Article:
‘Companies saw the value in using
cricket as a marketing tool. TV coverage improved significantly, which
increased interest in the sport. Night cricket created a new audience,
both in terms of television and at the ground, and generated
significantly more income.

‘Cricket’s success inspired other sports to imitate cricket with things such as TV coverage and sponsorships.’

Memorabilia: Greig studies the ball used by Indian spinner Harbhajan Singh when he became the first Indian to take a hat-trick in Test cricket at an auction in Bangalore in 2003

Memorabilia: Greig studies the ball used by Indian spinner Harbhajan Singh when he became the first Indian to take a hat-trick in Test cricket at an auction in Bangalore in 2003

Greig concluded: ‘Cricket as we know
and love it still has plenty of problems. Most can be solved if the
International Cricket Council members put the game’s interests before
their own; if India accepts the survival of Test cricket as
non-negotiable; if India accepts its responsibility as leader of the
cricket world; if it embraces Nelson Mandela’s philosophy of not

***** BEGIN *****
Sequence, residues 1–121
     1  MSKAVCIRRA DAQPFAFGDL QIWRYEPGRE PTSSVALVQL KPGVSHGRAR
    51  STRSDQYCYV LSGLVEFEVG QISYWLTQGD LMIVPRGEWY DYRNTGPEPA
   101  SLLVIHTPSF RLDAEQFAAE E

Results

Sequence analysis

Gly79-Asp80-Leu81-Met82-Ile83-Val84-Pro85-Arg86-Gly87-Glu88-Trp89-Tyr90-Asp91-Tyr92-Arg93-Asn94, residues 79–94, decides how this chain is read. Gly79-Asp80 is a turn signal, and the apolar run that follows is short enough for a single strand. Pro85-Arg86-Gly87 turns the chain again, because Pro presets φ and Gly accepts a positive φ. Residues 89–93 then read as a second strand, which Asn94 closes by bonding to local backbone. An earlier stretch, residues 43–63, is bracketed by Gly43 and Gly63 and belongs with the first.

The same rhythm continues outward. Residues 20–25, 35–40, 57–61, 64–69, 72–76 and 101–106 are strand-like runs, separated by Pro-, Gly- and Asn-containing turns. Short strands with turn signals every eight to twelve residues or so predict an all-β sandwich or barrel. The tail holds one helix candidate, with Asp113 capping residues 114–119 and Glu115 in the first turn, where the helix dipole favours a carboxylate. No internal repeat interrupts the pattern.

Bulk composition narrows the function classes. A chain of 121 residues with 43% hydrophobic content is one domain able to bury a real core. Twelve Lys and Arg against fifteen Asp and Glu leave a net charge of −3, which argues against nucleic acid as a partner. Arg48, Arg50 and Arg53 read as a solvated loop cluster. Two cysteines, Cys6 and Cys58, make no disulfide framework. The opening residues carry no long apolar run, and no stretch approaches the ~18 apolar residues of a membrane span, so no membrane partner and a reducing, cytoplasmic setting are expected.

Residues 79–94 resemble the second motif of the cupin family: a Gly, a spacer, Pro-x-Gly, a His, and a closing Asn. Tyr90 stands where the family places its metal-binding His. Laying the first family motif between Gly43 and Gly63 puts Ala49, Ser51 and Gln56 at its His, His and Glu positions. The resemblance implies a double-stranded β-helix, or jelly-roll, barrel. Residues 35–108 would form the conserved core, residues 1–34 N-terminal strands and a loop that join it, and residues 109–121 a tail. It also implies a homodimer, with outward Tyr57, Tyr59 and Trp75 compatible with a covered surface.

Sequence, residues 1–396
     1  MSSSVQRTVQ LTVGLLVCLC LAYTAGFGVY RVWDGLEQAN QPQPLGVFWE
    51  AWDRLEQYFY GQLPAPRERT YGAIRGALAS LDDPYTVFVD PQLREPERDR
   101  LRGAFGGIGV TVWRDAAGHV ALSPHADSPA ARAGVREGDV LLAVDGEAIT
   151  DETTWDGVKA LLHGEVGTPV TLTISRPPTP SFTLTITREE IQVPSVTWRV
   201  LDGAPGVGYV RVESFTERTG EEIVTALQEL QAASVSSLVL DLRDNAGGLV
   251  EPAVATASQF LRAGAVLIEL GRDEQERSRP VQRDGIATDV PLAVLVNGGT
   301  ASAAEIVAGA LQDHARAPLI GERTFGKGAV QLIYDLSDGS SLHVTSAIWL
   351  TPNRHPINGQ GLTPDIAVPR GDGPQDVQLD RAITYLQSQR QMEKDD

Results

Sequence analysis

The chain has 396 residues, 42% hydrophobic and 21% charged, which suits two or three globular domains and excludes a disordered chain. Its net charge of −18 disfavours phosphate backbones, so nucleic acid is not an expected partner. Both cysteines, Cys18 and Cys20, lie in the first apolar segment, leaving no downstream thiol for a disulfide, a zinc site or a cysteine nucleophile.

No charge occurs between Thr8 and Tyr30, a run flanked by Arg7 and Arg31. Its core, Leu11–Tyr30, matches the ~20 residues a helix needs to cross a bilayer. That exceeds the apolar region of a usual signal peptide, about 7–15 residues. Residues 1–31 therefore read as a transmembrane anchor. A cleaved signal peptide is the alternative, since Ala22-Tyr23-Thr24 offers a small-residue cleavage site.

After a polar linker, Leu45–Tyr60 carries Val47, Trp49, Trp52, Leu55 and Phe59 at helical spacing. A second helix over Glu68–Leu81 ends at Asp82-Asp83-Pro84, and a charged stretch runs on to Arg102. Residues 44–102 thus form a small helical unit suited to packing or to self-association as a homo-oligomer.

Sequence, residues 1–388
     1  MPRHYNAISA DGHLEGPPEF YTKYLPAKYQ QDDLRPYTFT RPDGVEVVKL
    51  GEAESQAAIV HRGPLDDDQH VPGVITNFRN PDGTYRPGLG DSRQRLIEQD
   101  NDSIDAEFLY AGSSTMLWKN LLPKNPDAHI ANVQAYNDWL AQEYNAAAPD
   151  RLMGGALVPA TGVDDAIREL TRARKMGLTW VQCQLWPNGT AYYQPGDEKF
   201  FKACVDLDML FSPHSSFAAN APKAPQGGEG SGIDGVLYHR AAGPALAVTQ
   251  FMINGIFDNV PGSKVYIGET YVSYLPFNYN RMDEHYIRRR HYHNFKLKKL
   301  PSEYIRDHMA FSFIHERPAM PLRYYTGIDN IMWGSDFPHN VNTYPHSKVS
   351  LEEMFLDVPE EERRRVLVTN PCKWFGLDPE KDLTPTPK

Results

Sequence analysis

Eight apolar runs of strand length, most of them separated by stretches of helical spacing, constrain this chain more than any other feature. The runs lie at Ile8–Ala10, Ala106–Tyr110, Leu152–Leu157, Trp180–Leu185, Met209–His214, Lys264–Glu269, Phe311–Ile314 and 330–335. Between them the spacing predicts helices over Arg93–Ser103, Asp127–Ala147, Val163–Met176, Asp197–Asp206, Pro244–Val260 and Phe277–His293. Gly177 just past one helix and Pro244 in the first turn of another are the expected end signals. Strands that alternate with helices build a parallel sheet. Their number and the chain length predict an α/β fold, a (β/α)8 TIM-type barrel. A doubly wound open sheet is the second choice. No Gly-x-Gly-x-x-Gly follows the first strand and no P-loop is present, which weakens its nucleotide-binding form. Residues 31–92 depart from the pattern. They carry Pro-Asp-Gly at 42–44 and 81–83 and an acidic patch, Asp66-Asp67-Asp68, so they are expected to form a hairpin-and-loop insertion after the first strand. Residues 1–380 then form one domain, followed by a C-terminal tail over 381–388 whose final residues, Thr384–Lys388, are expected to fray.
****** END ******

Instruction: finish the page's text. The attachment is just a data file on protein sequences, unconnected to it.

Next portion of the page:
seeking retribution; and if it embraces the Spirit of Cricket and
governs in the best interests of world cricket, not just for India and
its business partners.

‘What we have is a game with its
roots deep in the 19th century but, like a magnificent English oak,
continues to spread its luxuriant branches in the 21st century.

‘If we want our children’s children
to be able to climb on that tree, we must do everything in our power to
ensure that the tree can live.

‘To do that, no matter where we come
from in the world, we must be guided by the paramount and enlightening
thing that Colin Cowdrey, a man so courteous he called Jeff Thomson “Mr
Thomson” out in the middle, knew and cherished so well. The Spirit of
Cricket.’

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WORLD OF CRICKET UNITES TO PAY TRIBUTE TO GREIG

England wicketkeeper, Matt Prior: 'Can't believe one of my heroes Tony Greig has passed away. One of the greatest voices in cricket and will be sorely missed. #RIPGreigy.'

England batsman Jonny Bairstow: 'Today we lost a fabulous man, a family friend and someone who was respected by all not only as a cricketer but a true gentleman RIPTonyGreig'

England opener, Nick Compton:
'Sad day – RIP Tony Greig a fantastic player and a good man, loved his
commentary was one of the best! Cricket world will miss u.'

Legendary Aussie fast bowler, Brett Lee: 'OMG Poor Tony Greig. I feel so sad and shocked right now. Can't believe it.'

England all-rounder, Luke Wright: 'Gutted to hear that Tony Greig has passed away. A legend on and off the field. Our thoughts are with his family and friends #RIPGreigy.'